This video addresses the question “Why should you calibrate your FWD?” It is intended to educate managers, engineers, and operators on the need for calibrating FWD equipment in order to collect high quality data for durable pavement designs. The following topics are covered in the video:
Long-Term Support of the FWD Calibration Centers—Transition to the AASHTO AMRL
Demand for calibration center services is on the rise. The Nevada Calibration Center has been moved to Colorado, and two additional public centers opened recently in Montana and California. Three of the four FWD manufacturers now have calibration centers, and the fourth one plans to add the capability soon.
In August 2001, AASHTO adopted a resolution in support of continued operation of the calibration centers. The importance of the calibration centers to the transportation infrastructure community is clear, especially when FWD-derived inputs are used for rehabilitation design with the Mechanistic-Empirical Pavement Design Guide (MEPDG).
One of the main objectives of TPF-5(039) was to identify an entity other than the FHWA to provide FWD calibration services for the long term. The long-term FWD calibration center support needs include annual QA review and certification of the calibration center operator(s), and technical support consisting of training, troubleshooting, equipment replacement, and annual reference load cell calibration.
The FHWA reached out to several organizations in this regard, including the AASHTO Materials Reference Laboratory (AMRL), Texas Transportation Institute (TTI), Larson Transportation Institute, and the FWD User Group. Because of AMRL’s national acceptance by State transportation departments, as well as the type of QA services AMRL provides, the FHWA believes that the AMRL is appropriately suited to provide support services to the calibration centers in the future.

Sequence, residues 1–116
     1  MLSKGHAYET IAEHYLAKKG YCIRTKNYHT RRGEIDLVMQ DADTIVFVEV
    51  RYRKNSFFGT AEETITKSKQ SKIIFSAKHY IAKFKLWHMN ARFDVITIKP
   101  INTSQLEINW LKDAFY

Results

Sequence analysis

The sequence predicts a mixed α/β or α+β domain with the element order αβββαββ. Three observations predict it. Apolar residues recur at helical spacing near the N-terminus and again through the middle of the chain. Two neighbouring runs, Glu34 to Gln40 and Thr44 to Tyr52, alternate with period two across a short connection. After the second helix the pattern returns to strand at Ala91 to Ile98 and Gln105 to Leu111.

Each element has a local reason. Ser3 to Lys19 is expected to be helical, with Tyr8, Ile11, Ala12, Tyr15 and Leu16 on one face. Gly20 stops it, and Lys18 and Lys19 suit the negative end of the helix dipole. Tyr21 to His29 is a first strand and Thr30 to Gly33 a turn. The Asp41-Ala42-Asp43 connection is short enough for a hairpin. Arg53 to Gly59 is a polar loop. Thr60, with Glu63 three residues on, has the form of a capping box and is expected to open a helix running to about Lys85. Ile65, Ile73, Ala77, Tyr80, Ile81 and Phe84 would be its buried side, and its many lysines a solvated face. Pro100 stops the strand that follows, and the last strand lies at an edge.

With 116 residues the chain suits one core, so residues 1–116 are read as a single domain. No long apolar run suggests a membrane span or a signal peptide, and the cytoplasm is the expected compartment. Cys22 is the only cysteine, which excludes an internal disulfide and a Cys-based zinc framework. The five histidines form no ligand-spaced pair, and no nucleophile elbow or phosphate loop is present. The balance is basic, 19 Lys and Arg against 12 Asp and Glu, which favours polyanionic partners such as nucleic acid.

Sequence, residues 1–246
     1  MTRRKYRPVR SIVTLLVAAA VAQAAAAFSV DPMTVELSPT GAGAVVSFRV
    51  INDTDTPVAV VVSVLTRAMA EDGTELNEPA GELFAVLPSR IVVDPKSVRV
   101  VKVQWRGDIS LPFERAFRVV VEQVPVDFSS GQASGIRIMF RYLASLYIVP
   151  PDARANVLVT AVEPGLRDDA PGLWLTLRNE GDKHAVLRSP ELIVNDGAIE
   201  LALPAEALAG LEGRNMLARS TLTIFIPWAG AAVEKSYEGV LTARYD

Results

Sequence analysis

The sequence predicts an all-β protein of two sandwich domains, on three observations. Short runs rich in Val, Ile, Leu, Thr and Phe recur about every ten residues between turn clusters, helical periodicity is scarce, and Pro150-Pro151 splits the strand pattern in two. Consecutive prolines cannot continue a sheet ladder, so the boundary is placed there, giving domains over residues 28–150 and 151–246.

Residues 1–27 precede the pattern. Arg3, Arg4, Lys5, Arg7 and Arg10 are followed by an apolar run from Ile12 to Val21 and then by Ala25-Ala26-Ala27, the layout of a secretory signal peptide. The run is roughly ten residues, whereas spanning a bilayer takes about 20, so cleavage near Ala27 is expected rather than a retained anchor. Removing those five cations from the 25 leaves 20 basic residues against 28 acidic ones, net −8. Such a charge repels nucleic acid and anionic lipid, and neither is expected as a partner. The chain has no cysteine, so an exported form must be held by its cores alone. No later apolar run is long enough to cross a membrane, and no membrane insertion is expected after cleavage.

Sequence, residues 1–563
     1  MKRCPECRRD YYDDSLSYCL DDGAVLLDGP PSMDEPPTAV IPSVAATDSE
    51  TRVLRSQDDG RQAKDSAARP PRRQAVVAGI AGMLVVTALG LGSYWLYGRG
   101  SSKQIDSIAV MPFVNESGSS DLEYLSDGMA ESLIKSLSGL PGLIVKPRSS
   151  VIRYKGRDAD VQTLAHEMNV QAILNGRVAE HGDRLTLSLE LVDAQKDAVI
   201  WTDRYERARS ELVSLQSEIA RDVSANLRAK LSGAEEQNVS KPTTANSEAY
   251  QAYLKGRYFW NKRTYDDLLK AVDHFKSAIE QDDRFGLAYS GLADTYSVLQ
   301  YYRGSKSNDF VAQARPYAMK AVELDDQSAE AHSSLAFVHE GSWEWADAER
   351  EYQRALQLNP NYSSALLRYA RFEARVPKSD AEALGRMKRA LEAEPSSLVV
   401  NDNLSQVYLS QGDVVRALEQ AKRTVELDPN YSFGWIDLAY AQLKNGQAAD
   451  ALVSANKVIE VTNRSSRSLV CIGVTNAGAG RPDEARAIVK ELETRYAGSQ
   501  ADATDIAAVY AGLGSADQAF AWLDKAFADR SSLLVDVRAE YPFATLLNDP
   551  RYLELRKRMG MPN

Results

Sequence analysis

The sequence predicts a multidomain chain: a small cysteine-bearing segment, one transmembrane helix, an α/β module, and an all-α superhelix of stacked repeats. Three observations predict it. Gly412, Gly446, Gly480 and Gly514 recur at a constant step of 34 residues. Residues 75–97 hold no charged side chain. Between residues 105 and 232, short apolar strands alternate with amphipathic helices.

After several discussions and a hands-on show-and-tell training session at the Pennsylvania DOT Calibration Center, AMRL sent a letter in March 2009 to FHWA expressing their intent to take over the FWD Calibration Center support responsibilities after the pooled fund study ends in 2010. Since then, the FHWA, the Cornell University team, and AMRL have worked together on staff training and related activities aimed at transitioning the FWD Calibration Center support services to AMRL in the summer of 2010. In June 2009, the AASHTO Subcommittee on Materials (SoM) approved the AMRL's plan for taking over the FWD Calibration Center support services.
At the 2009 FWD User’s Group Meeting in October, the AMRL Manager, Robert Lutz, made an announcement of the upcoming transition of the Long-term FWD Calibration Center support from the FHWA-led pooled fund study to AASHTO's AMRL. The pooled fund study put a high importance and focused effort in its final task order to assist in the transition by providing necessary documentation and multiple hands-on training sessions for the AMRL personnel.